Walter Savage Landor once said "What is reading but silent conversation?"
Indeed, a book is a friend with whom you can converse silently whenever and wherever you choose. Having said this, I think I have recently rediscovered an old, long-lost friend.
I used to read quite a lot back then... back when the name Brown was associated with the first name Charlie rather than Dan; back when no red-blooded male would ever want to be called Gaiman; and back when Angels and Demons referred to Tomasians and Green Archers, respectively.
It was a time I thought I have totally left behind since the rigors of corporate life (and a dozen other endeavors either financially rewarding or artistically fulfilling) started to take its toll on my idleness.
I simply didn't have time to read.
And my friend, Book, had to take a Sabbatical.
To a certain extent, I owe my return to official bookwormship to, of all people, Dan Brown. I was intrigued by the hype that surrounded his The Da Vince Code and I couldn't help reading the book myself to find out what the buzz was all about. Not surprisingly, I enjoyed reading the novel. Not just a few said that the book might shake one's faith, if it wasn't strong enough. As for me, I didn't feel even a slight quiver. And I guess that's good.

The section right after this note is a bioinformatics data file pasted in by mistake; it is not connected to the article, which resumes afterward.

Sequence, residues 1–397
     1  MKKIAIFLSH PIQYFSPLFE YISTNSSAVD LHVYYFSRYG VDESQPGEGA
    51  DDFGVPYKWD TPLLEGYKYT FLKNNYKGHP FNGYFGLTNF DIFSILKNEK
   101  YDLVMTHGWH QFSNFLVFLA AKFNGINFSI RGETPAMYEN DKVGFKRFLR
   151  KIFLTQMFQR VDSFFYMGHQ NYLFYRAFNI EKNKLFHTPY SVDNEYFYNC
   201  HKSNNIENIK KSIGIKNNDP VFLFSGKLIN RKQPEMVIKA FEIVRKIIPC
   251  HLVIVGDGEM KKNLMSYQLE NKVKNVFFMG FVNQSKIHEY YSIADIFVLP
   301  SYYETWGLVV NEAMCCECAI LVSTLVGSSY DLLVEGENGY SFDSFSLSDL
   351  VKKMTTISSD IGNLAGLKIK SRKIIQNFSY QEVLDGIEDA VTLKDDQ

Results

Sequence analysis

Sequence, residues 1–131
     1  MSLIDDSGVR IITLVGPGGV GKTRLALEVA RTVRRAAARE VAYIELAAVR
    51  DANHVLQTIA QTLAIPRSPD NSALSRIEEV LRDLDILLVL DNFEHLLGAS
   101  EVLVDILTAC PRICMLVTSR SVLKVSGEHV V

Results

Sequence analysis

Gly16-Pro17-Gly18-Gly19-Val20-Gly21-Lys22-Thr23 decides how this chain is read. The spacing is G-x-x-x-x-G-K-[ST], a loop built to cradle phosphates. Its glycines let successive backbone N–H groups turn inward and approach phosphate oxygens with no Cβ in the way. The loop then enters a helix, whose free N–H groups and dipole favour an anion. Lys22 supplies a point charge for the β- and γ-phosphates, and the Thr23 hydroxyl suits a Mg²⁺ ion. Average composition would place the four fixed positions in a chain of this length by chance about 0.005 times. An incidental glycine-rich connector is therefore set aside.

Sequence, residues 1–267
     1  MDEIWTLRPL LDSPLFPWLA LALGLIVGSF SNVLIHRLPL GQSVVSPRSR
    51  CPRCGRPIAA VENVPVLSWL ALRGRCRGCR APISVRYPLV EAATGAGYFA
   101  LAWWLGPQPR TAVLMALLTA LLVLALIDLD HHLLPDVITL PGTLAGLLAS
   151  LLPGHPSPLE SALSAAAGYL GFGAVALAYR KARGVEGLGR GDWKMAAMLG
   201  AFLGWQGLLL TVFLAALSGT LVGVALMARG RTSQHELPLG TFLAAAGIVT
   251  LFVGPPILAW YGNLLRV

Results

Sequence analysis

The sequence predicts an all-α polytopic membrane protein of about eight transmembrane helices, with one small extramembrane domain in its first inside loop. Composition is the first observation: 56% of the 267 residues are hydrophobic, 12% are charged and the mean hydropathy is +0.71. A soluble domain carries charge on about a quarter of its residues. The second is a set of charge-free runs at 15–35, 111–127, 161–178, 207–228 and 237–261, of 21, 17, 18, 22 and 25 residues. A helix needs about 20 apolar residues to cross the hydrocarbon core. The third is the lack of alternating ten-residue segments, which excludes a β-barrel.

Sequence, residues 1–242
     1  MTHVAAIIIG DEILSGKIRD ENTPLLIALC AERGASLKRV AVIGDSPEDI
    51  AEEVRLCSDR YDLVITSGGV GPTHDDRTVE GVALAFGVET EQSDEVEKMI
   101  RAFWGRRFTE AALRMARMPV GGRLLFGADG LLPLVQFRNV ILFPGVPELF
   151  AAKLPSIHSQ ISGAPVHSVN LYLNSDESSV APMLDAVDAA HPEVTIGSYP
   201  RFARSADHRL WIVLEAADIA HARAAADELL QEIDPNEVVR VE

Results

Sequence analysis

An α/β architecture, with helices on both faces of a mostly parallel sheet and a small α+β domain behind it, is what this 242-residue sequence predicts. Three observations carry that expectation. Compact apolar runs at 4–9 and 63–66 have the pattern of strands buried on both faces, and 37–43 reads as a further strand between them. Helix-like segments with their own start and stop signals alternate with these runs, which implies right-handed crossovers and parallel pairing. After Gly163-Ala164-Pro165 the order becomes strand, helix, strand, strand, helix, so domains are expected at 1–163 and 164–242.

That's not to say, however, that I didn't consider the book a good read. I did and it was. But the best thing that happened to me was that I longed for more. After a few weeks, I've already read his three other books (all of which I liked, I must say, but in differing degrees). And I still longed for more.
Suffice it to say that one book led to another and another and yet another, and I enjoyed reading each and every one of them.
It was then I realized that I have rediscovered the joy of reading.
Now, if only I can discover a way to get hold of good books without having to spend so much.